Rhetorical Analysis on Open Access

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The websites analyzed:

http://www.plos.org/about/open-access/

http://legacy.earlham.edu/~peters/fos/brief.htm

http://www.eprints.org/openaccess/

One thing that all three of these websites had in common was that they all started with the definition of Open Access. The very first sentence you read would tell you what they were talking about. In a way, this establishes ethos with the reader because this communicates that the author knows what he/she is talking about.

about-oa-OA-orange-squareAll three websites make several but similar claims about Open Access. The first website claims that researchers think that the information they are accessing is free. But in reality that information is paid for by the institution providing the information. It goes on to claim that it is illogical to pay for digital information since anyone with Internet can access it. It concludes its argument by appealing to the audience by listing three ways Open Access can benefit research.

The second website (written by Peter Suber)starts by appealing to the audience with the definition of Open Access. It tells the audience that it provides information free of charge and copyright laws. This appeals to people who had to go through the long and painful process of asking for permission, citing, and always checking back multiple times to make sure they didn’t plagiarize. That sentence reassures the audience that they no longer have to worry about those things. It then goes on to say that Open Access is “compatible with peer review” (Suber). This is important because Suber claims that literature depends on peer review a lot. Without it, authors would never get criticism for their work. Suber then ends the article with two ways to use Open Access in research articles.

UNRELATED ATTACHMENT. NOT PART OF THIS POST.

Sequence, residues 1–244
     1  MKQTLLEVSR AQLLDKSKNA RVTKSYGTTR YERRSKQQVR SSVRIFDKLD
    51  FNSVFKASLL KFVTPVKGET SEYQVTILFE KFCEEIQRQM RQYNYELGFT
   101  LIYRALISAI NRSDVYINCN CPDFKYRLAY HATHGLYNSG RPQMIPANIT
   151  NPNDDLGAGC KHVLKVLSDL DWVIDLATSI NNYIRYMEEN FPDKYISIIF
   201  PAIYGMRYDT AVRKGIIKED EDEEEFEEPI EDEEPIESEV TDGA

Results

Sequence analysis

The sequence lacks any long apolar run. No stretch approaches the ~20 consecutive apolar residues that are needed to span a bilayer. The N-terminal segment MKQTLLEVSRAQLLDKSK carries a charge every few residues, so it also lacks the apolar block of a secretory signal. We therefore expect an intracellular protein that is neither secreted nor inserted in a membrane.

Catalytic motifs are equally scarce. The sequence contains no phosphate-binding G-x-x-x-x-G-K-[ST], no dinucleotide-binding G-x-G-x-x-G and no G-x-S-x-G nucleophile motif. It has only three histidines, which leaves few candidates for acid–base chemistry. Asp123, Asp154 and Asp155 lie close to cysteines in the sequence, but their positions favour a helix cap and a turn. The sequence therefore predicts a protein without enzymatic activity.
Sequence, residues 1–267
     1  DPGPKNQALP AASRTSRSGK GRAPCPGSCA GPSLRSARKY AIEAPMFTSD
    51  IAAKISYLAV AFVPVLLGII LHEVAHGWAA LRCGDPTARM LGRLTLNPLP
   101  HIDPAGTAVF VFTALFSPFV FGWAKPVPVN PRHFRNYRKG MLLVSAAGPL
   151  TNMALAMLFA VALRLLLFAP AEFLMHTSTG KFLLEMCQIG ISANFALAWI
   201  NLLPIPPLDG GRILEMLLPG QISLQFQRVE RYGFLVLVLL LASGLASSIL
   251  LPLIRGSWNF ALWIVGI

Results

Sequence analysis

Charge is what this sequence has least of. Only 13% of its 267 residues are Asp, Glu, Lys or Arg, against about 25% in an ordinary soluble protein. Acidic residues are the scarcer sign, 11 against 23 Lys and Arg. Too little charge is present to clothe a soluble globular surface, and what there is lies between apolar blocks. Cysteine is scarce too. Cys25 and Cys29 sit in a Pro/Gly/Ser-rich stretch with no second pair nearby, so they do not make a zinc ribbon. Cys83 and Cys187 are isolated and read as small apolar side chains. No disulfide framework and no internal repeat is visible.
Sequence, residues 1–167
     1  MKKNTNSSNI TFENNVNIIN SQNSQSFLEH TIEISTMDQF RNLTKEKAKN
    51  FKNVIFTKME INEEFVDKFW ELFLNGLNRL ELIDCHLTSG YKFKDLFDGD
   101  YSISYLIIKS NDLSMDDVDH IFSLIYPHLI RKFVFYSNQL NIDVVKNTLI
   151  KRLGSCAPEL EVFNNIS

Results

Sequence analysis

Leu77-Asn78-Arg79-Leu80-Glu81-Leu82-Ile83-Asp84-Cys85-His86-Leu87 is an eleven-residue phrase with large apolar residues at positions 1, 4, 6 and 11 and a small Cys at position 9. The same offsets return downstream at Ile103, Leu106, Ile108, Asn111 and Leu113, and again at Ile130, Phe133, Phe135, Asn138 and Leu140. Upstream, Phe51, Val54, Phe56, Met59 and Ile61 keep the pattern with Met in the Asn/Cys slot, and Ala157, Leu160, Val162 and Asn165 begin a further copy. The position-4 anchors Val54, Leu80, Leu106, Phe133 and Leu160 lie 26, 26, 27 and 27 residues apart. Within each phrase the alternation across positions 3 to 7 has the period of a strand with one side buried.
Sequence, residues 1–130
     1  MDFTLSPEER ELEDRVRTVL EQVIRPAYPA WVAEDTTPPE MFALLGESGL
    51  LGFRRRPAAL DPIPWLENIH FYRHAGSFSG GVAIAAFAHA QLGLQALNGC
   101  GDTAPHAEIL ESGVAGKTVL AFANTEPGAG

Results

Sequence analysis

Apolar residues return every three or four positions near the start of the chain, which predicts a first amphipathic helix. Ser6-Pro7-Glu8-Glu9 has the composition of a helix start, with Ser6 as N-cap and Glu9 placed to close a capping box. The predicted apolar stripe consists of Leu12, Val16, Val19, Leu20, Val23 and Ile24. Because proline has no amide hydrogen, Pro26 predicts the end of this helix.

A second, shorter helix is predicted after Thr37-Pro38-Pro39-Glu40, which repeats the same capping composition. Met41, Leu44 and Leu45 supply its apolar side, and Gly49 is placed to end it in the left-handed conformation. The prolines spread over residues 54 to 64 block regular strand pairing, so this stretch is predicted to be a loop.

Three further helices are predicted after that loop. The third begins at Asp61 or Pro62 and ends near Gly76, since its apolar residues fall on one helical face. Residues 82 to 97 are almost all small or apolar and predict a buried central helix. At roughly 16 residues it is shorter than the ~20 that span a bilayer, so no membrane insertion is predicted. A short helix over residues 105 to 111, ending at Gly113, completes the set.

Lastly, the third website opens with the “two roads” (golden and green) of Open Access. This article mainly focuses on the “green road”. The green road talks about Open Access self-archiving. Stevan Harnad (the author of the article) adds that self-archiving is not the same as self-publishing. He then goes on to appeal to his audience by stating that everyone benefits from Open Access. He calls Open Access an “accelerated research cycle” where information can get around easier and faster because researchers would have access to what they need. He appeals to his older audience by saying that Universities and teachers can also benefit from Open Access. He ends his article with a call to action: create Institutional Open Access Repositories.

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